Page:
Environmental estrogen exposures alter molecular signaling in immune cells that promote the development of childhood asthma

Yoko Murakami, Sahar Fahmy, Randall Goldblum, Cheryl S. Watson, Terumi Midoro- Horiuti

Research output: Contribution to journalArticlepeer-review

Abstract

Environmental estrogens (EEs) are associated with an increased prevalence of asthma. These epigenetic alterations of the immune cells may explain the multigenerational effects on asthma development. We hypothesized that exposure to immune cells enhances allergic sensitization by initiating signaling in these cells. Human T cell lines (TIB-152, CCL-119) were exposed to varying concentrations of estradiol, bisphenol A, bisphenol S, or bisphenol A + estradiol. H3K27me3, phosphorylations of EZH2 (pEZH2), AKT (pAKT), and phosphatidylinositide 3-kinase (pPI3K) were assessed. pAKT and pPI3K were decreased in response to some of the concentrations of these exposures in both cell lines. It is likely that EEs exposure to immune cells is one of the factors in the increase in the prevalence of asthma.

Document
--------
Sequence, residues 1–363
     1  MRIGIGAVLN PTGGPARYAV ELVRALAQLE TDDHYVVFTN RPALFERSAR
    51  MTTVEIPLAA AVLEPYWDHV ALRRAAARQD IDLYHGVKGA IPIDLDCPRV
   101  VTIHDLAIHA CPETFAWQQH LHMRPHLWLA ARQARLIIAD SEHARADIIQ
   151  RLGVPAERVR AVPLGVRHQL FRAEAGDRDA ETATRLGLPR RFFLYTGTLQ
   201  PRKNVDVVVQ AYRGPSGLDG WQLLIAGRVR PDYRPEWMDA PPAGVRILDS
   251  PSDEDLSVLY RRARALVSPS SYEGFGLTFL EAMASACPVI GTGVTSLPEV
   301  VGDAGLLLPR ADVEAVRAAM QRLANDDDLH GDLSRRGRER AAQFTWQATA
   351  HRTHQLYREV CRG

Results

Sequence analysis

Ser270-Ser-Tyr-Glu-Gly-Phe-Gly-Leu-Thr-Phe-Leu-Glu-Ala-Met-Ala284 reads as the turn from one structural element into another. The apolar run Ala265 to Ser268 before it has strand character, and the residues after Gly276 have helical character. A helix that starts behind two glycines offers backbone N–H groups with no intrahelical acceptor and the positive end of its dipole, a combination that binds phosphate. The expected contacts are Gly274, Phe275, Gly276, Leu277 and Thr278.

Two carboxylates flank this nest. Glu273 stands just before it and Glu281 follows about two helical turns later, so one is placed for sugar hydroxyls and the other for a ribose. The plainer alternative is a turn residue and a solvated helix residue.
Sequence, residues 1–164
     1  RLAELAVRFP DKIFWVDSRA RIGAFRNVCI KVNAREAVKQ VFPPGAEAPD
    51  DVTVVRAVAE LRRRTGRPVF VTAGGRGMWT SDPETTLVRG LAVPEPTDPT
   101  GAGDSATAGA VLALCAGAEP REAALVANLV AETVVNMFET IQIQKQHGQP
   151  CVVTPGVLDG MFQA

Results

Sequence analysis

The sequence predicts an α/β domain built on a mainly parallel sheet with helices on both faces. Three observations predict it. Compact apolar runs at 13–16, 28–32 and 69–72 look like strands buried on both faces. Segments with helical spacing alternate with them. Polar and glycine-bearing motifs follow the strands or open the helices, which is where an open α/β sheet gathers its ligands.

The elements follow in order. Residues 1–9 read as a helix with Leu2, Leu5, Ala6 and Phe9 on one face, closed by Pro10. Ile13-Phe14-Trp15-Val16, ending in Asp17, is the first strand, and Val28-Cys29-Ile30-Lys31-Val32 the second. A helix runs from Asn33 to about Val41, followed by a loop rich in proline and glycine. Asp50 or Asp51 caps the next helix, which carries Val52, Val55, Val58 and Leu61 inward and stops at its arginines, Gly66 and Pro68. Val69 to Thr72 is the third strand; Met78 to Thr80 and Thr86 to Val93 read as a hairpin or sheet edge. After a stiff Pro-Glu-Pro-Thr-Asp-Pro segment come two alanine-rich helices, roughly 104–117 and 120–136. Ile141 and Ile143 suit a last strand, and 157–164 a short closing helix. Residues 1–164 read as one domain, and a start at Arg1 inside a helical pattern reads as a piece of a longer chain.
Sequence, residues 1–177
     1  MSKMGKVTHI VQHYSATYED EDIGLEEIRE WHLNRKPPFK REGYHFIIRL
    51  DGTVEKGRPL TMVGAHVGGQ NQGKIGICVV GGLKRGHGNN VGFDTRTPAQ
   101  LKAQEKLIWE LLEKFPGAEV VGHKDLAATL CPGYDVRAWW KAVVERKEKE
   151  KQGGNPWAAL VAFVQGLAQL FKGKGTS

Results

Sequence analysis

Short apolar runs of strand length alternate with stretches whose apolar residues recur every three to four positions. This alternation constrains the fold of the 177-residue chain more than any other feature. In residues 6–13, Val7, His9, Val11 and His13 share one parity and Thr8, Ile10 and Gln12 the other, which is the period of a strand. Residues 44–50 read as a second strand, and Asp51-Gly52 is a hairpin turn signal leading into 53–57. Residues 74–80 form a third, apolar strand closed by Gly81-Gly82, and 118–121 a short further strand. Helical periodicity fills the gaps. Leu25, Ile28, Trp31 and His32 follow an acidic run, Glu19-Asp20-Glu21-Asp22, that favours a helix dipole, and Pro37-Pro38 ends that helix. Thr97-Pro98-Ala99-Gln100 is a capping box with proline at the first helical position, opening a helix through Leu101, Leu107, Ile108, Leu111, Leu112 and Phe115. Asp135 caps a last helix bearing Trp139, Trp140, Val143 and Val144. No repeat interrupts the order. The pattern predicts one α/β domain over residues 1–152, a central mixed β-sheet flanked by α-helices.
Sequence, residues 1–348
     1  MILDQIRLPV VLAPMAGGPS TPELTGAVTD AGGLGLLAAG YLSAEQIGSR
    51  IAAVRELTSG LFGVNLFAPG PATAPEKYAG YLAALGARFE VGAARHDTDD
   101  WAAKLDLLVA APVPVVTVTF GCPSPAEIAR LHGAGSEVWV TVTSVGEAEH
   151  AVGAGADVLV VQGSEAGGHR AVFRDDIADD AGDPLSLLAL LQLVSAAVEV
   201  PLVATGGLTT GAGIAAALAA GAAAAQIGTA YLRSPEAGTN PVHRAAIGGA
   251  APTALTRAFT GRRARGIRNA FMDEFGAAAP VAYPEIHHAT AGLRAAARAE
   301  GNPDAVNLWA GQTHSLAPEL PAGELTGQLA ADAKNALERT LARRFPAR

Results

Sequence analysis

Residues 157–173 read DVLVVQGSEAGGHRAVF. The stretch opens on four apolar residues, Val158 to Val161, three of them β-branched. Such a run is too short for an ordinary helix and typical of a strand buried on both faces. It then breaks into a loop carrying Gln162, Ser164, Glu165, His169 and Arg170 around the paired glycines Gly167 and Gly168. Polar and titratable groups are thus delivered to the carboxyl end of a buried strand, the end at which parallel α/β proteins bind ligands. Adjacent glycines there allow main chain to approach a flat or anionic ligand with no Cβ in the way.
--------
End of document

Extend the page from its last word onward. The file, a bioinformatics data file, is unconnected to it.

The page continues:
Original languageEnglish (US)
Pages (from-to)142-145
Number of pages4
JournalMolecular Immunology
Volume157
DOIs
StatePublished - May 2023

Keywords

  • Allergy
  • Asthma
  • Bisphenol A
  • Bisphenol S
  • Environmental estrogens
  • Immune signaling

ASJC Scopus subject areas

  • Immunology
  • Molecular Biology

Fingerprint

Dive into the research topics of 'Environmental estrogen exposures alter molecular signaling in immune cells that promote the development of childhood asthma'. Together they form a unique fingerprint.

Cite this